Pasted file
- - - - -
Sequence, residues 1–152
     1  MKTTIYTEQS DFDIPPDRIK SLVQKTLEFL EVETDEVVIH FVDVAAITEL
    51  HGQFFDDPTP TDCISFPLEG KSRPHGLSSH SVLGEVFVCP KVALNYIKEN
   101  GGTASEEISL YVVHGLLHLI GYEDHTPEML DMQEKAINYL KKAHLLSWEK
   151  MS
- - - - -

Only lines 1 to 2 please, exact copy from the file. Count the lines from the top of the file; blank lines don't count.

Sequence, residues 1–152
     1  MKTTIYTEQS DFDIPPDRIK SLVQKTLEFL EVETDEVVIH FVDVAAITEL